• Jamie McClanahan

The Ordinary People of the Extraordinary Cross (I Cor. 1:26-31)

The church at Corinth was a blue-collar church. Some were white-collar people (Paul explains that not many were wise, wealthy, and powerful according to the world's standards when called, but he does not write "not any". Nonetheless, Corinth's church was mostly composed of the everyday working man or woman's kind of congregation. In this section of Scripture, Paul wanted Corinth's church to be reminded that ordinary people who respond to the Cross are TRANSFORMED into something forever extraordinary. Again, they must see that it is Jesus in them that offers true wisdom, strength, and significance. There are three areas that Paul investigates as it relates to the identity of the Corinthian church. His point is not to humiliate but to remind them of what God can do through them if they are submissive to his will.

The first category he mentions is wisdom. Paul reminds them that not many were wise according to the world's standards when they were called to Jesus. In other words, there were not too many Einstein's or Newton's among them. So why would God call those who are considered foolish according to worldly standards? Paul writes that it was "to shame the wise." In I Cor. 1:18, 21 Paul reminded the Corinthians that "the word of the cross is folly to those who are perishing, but to us who are being saved it is the power of God… 21 For since, in the wisdom of God, the world did not know God through wisdom, it pleased God through the folly of what we preach to save those who believe." The message of Jesus, true wisdom, is foolishness according to the world's standard of wisdom. Paul later reminded them of how their view of Jesus changed after conversion, ultimately changing their identity. He writes, "Even though we once regarded Christ according to the flesh, we regard him thus no longer. 17 Therefore, if anyone is in Christ, he is a new creation. The old has passed away; behold, the new has come."

The next ordinary aspect deals with power and influence. Paul describes the type of person called by God in Corinth before salvation as "not powerful". This means that they lacked great authority and influence in their community, according to the world's standards. God's reason for calling ordinary weak people to be a part of Corinth's church was so that he could strengthen them to have the power to do his will. Paul wrote of this weakness that produced power in II Cor. 12:8-10. He wrote, "Three times I pleaded with the Lord about this, that it should leave me. 9 But he said to me, "My grace is sufficient for you, for my power is made perfect in weakness." Therefore, I will boast all the more gladly of my weaknesses so that the power of Christ may rest upon me. 10 For the sake of Christ, then, I am content with weaknesses, insults, hardships, persecutions, and calamities. For when I am weak, then I am strong."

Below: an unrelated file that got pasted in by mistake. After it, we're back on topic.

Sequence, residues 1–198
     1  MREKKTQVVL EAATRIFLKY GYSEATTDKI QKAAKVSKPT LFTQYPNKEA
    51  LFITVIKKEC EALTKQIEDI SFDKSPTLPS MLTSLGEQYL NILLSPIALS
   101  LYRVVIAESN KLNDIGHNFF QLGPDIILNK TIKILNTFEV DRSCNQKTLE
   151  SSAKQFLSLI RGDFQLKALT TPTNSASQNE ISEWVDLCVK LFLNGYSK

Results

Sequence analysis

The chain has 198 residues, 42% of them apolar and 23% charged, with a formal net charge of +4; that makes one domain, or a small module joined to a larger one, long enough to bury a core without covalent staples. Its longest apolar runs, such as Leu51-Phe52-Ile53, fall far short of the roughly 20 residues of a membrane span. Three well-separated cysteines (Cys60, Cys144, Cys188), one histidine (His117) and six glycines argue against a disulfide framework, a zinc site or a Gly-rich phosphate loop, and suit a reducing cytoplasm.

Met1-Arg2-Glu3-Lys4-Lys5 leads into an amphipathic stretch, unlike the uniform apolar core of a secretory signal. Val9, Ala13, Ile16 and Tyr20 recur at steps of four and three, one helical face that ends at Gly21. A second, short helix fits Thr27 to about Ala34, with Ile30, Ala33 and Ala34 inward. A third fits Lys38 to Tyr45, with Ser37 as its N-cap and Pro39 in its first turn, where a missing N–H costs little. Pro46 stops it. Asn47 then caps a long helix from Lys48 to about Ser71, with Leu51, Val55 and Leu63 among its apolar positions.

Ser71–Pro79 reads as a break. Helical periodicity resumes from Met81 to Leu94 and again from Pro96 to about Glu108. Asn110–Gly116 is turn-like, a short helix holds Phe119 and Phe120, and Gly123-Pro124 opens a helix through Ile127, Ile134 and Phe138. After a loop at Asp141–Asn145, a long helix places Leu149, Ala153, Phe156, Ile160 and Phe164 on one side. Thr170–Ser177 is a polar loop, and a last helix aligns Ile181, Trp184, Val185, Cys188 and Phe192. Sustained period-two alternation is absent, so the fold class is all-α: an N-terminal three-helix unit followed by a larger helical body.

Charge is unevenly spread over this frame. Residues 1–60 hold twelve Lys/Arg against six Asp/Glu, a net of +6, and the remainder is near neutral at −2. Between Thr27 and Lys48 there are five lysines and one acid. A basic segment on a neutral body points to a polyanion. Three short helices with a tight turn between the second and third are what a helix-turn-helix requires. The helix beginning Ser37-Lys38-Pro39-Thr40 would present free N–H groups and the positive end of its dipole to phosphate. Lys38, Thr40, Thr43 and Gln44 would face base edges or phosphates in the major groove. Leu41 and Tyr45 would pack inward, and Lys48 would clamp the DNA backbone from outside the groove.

The final aspect of the ordinary that God transformed dealt with their bloodlines and lineage related to their socio-economic status. Paul wrote, "not many were of noble birth". This means that most of the Corinthians were not born of royalty, wealth, or significant influence. However, God is not always one to work primarily through royal bloodlines, military leaders, and wealthy politicians. Instead, God often chooses the lowly of this world to "bring to nothing" those that think they are "somethings." Ultimately, all men are born low and distant from their maker. Faith in Jesus changes that completely. We become a "son" of the Father and joint-heirs with Christ. In I Peter 1:3-5, this change is explained. Peter writes, "Blessed be the God and Father of our Lord Jesus Christ! According to his great mercy, he has caused us to be born again to a living hope through the resurrection of Jesus Christ from the dead, 4 to an inheritance that is imperishable, undefiled, and unfading, kept in heaven for you, 5 who by God's power are being guarded through faith for a salvation ready to be revealed in the last time."

The chasm between those who possess worldly wisdom and those who have true wisdom is vast. Paul reminds us that Jesus is the source of true wisdom in I Cor. 1:30 "And because of him you are in Christ Jesus, who became to us wisdom from God, righteousness and sanctification and redemption…" True wisdom from God is the story of Jesus' making a way to offer right standing with God, Holiness in our union with the Father through the cleansing work of the Holy Spirit, and past, present, and future work of the cross of Jesus. This is wisdom's center for humanity. We must be aware of artificial wisdom, the way of worldly wisdom, and its ultimate end. Proverbs 14:12 says, "There is a way that seems right to a man, but its end is the way to death."

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